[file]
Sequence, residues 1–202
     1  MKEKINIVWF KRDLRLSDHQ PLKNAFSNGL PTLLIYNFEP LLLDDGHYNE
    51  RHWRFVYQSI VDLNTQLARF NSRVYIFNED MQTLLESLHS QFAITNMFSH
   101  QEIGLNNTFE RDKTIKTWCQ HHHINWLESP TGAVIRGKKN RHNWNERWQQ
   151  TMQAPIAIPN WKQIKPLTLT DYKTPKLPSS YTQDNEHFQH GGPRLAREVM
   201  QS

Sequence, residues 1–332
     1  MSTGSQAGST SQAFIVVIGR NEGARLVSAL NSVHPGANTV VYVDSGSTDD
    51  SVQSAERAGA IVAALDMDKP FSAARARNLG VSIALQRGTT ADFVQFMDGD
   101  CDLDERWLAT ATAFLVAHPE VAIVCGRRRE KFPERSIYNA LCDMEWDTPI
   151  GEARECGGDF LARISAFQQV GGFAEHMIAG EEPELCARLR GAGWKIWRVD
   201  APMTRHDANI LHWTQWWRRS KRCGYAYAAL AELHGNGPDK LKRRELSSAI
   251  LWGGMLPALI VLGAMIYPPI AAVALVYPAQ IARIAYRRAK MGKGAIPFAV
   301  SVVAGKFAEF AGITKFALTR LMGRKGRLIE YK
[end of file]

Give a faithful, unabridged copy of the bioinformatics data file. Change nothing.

Sequence, residues 1–202
     1  MKEKINIVWF KRDLRLSDHQ PLKNAFSNGL PTLLIYNFEP LLLDDGHYNE
    51  RHWRFVYQSI VDLNTQLARF NSRVYIFNED MQTLLESLHS QFAITNMFSH
   101  QEIGLNNTFE RDKTIKTWCQ HHHINWLESP TGAVIRGKKN RHNWNERWQQ
   151  TMQAPIAIPN WKQIKPLTLT DYKTPKLPSS YTQDNEHFQH GGPRLAREVM
   201  QS

Sequence, residues 1–332
     1  MSTGSQAGST SQAFIVVIGR NEGARLVSAL NSVHPGANTV VYVDSGSTDD
    51  SVQSAERAGA IVAALDMDKP FSAARARNLG VSIALQRGTT ADFVQFMDGD
   101  CDLDERWLAT ATAFLVAHPE VAIVCGRRRE KFPERSIYNA LCDMEWDTPI
   151  GEARECGGDF LARISAFQQV GGFAEHMIAG EEPELCARLR GAGWKIWRVD
   201  APMTRHDANI LHWTQWWRRS KRCGYAYAAL AELHGNGPDK LKRRELSSAI
   251  LWGGMLPALI VLGAMIYPPI AAVALVYPAQ IARIAYRRAK MGKGAIPFAV
   301  SVVAGKFAEF AGITKFALTR LMGRKGRLIE YK